Vaccinations – The US is now the third best country in the world for speed of vaccinating.  Israel doesn’t appear on this chart because it is “off the chart” high – 60% of the Israeli population have received one dose. But the US total of 10.2% of people having had at least one dose represents perhaps only maybe 2% or 3% of the population receiving both doses and now with some immunity, with the vaccines not necessarily preventing a person from being infected anyway, just preventing them from having an infection become severe or fatal.

Masks and Social Distancing – I don’t know about where you live, but here where I live, there’s been little difference in social distancing over the last month, and as mentioned last week, in some parts of the country there’s very little mask-wearing or social-distancing at all.  These two charts, above, show only an imperceptible rise in overall mask use (from 62% on 1 Jan to 63% on 30 Jan) and a slight drop in social distancing (from 17% less than “normal” to 21% less).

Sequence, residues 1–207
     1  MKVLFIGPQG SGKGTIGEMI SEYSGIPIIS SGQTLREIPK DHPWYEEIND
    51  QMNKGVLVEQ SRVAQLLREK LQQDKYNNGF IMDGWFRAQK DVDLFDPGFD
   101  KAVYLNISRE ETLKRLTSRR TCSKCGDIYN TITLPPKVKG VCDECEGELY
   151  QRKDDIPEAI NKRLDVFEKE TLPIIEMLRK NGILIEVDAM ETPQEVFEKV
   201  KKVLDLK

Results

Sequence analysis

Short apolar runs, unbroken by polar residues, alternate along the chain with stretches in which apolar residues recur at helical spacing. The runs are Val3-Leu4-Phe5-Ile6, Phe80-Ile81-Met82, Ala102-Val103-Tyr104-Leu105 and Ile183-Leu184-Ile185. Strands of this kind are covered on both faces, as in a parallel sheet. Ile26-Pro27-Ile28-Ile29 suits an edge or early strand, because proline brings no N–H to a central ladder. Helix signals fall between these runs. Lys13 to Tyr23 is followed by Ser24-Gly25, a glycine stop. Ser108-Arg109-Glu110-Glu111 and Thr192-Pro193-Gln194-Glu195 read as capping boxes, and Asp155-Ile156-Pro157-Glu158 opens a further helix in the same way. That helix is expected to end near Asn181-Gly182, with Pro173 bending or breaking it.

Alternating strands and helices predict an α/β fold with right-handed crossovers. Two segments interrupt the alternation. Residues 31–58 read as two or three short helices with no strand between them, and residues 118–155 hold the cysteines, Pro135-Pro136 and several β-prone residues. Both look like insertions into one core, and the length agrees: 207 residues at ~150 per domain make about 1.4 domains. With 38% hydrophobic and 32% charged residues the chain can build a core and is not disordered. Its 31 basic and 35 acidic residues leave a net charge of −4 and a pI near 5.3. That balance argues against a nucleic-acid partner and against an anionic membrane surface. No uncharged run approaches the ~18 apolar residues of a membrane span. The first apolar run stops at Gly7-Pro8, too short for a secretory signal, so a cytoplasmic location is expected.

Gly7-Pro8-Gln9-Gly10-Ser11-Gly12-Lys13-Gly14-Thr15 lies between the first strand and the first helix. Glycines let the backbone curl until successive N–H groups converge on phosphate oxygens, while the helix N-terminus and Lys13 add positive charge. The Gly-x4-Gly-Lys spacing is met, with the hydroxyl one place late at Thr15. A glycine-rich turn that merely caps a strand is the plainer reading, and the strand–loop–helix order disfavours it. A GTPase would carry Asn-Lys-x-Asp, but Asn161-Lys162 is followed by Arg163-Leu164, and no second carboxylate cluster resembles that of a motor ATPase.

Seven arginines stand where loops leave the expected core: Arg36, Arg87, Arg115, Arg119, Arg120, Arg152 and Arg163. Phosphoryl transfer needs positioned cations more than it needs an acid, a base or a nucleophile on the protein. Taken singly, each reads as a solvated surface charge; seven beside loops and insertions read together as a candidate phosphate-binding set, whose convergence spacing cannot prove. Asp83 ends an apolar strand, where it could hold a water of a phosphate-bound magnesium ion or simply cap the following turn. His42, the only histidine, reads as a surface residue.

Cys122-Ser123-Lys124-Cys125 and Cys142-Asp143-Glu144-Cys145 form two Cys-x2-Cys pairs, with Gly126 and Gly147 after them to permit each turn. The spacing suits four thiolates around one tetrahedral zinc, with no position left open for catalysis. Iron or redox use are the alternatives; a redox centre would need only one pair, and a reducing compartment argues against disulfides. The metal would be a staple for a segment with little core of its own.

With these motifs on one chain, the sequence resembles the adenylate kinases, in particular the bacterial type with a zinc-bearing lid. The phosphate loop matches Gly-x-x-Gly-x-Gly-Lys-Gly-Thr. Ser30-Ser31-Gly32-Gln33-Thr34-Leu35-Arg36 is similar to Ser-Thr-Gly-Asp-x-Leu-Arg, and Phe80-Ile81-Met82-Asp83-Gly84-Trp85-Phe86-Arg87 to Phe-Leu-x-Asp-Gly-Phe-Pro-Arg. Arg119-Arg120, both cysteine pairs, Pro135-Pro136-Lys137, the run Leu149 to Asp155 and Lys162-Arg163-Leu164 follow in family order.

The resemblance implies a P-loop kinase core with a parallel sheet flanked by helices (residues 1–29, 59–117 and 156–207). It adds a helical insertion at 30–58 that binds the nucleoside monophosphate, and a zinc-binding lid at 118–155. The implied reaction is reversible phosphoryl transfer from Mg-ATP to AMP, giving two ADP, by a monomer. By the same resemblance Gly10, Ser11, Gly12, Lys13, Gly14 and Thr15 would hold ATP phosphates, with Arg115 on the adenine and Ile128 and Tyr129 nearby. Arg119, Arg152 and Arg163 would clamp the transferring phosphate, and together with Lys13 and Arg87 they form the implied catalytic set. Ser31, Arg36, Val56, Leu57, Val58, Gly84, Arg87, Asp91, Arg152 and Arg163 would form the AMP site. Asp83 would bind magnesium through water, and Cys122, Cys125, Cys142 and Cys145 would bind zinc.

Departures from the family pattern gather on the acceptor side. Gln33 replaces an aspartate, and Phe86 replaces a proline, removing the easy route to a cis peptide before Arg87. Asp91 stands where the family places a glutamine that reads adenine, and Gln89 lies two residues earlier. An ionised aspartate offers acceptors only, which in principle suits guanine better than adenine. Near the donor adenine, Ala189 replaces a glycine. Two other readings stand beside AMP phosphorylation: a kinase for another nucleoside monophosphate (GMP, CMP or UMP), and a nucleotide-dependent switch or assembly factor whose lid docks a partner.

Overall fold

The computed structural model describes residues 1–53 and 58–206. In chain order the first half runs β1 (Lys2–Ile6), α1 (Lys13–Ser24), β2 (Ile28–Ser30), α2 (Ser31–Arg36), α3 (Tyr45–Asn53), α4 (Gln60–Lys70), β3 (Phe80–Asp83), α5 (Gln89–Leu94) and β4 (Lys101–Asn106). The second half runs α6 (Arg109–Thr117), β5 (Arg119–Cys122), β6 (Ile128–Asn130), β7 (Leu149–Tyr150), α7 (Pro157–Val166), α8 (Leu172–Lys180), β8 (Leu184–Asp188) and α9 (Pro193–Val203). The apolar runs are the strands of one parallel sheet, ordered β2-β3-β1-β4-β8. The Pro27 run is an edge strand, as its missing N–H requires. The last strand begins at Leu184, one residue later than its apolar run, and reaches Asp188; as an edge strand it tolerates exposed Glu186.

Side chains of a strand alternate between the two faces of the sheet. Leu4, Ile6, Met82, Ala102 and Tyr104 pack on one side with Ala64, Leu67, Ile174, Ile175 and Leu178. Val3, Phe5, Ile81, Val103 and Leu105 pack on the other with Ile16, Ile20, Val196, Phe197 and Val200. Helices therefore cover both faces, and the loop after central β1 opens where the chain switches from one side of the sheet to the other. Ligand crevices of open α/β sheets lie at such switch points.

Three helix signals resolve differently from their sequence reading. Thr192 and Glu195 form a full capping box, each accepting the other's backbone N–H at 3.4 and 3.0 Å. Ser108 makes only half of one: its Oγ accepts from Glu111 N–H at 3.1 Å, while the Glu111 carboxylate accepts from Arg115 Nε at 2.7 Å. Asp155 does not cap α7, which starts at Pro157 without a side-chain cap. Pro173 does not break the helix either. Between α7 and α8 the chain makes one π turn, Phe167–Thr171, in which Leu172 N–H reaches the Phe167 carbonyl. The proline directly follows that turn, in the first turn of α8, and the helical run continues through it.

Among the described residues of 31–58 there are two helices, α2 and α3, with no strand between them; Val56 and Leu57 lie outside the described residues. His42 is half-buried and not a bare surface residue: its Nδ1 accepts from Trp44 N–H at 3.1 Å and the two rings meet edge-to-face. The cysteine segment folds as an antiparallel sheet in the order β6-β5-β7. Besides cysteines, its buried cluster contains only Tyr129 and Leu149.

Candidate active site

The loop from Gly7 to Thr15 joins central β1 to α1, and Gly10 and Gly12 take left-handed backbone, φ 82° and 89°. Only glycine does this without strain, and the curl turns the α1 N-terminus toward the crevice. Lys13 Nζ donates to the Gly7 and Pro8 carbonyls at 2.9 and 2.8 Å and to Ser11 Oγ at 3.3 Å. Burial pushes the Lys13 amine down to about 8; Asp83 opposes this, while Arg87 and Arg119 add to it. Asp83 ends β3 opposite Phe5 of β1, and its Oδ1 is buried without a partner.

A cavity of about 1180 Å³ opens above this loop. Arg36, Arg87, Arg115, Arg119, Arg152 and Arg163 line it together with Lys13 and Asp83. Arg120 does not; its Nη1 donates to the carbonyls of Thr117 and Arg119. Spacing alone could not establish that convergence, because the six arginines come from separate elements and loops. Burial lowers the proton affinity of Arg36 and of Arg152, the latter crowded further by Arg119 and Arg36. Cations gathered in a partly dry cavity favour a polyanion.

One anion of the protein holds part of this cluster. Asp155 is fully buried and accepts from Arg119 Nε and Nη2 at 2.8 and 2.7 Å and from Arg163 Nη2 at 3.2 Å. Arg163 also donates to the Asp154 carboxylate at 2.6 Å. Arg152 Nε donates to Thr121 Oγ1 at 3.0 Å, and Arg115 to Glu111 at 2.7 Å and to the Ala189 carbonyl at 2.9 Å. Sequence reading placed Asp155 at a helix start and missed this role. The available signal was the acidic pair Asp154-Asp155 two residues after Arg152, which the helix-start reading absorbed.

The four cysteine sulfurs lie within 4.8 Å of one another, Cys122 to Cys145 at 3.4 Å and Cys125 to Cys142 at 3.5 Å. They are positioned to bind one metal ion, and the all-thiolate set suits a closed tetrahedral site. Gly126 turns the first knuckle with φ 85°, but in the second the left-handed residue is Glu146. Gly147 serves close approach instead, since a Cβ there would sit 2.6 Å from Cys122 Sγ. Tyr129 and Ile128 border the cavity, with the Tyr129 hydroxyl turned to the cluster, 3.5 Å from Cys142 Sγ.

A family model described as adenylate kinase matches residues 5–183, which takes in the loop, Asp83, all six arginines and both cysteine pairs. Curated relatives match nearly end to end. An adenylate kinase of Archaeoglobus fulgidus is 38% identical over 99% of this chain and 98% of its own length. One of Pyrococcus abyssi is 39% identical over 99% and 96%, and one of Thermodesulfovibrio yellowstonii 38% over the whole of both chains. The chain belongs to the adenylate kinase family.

Weather – We’re moving into colder wintry weather, in theory, a great time for virus transmission.

So, what has happened to cause this plunge in new cases?

The situation is even more pronounced in India.

Similar possible – or should I say, impossible – explanations apply there, too.  As you can see from the chart, India’s daily new case numbers peaked way back on 17 September and are currently 1/8th of the level they were back then.  India’s current average of 11,794 cases a day has to also be viewed alongside their enormous population of 1.39 billion.  That would be the same as the US reporting 2,821 a day.  Our current 7 day average is 129,894 – 46 times higher than India.

India seems to have all the social and climactic conditions that would be ideal for rapid spread and growth in new cases, but that never happened.  India’s situation is all the more surprising because their case numbers never went very high in the first place, and currently, their total reported cases is less than one percent of the population (0.78%) which is less than one-tenth the total cases in the US.  Details here.